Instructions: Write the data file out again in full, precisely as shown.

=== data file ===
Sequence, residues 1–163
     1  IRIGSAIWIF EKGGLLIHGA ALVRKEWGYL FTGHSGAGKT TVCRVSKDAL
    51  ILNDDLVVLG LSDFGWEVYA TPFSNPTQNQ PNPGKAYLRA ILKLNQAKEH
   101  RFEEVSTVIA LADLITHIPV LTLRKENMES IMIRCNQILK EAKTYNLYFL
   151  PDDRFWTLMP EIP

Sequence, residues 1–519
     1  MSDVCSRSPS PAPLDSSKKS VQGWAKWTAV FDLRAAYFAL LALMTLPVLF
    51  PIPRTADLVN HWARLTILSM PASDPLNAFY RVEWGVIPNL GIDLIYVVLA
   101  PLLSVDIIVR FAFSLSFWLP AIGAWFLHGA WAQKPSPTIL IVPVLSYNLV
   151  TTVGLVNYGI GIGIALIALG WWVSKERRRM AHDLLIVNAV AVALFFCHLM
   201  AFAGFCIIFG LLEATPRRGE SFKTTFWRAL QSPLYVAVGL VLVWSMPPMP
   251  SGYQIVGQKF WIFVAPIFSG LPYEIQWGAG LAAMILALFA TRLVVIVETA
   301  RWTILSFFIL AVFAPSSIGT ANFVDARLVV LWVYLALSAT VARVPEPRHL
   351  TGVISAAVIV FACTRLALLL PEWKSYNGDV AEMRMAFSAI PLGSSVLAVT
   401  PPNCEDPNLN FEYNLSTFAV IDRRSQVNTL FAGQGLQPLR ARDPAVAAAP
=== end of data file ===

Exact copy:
Sequence, residues 1–163
     1  IRIGSAIWIF EKGGLLIHGA ALVRKEWGYL FTGHSGAGKT TVCRVSKDAL
    51  ILNDDLVVLG LSDFGWEVYA TPFSNPTQNQ PNPGKAYLRA ILKLNQAKEH
   101  RFEEVSTVIA LADLITHIPV LTLRKENMES IMIRCNQILK EAKTYNLYFL
   151  PDDRFWTLMP EIP

Sequence, residues 1–519
     1  MSDVCSRSPS PAPLDSSKKS VQGWAKWTAV FDLRAAYFAL LALMTLPVLF
    51  PIPRTADLVN HWARLTILSM PASDPLNAFY RVEWGVIPNL GIDLIYVVLA
   101  PLLSVDIIVR FAFSLSFWLP AIGAWFLHGA WAQKPSPTIL IVPVLSYNLV
   151  TTVGLVNYGI GIGIALIALG WWVSKERRRM AHDLLIVNAV AVALFFCHLM
   201  AFAGFCIIFG LLEATPRRGE SFKTTFWRAL QSPLYVAVGL VLVWSMPPMP
   251  SGYQIVGQKF WIFVAPIFSG LPYEIQWGAG LAAMILALFA TRLVVIVETA
   301  RWTILSFFIL AVFAPSSIGT ANFVDARLVV LWVYLALSAT VARVPEPRHL
   351  TGVISAAVIV FACTRLALLL PEWKSYNGDV AEMRMAFSAI PLGSSVLAVT
   401  PPNCEDPNLN FEYNLSTFAV IDRRSQVNTL FAGQGLQPLR ARDPAVAAAP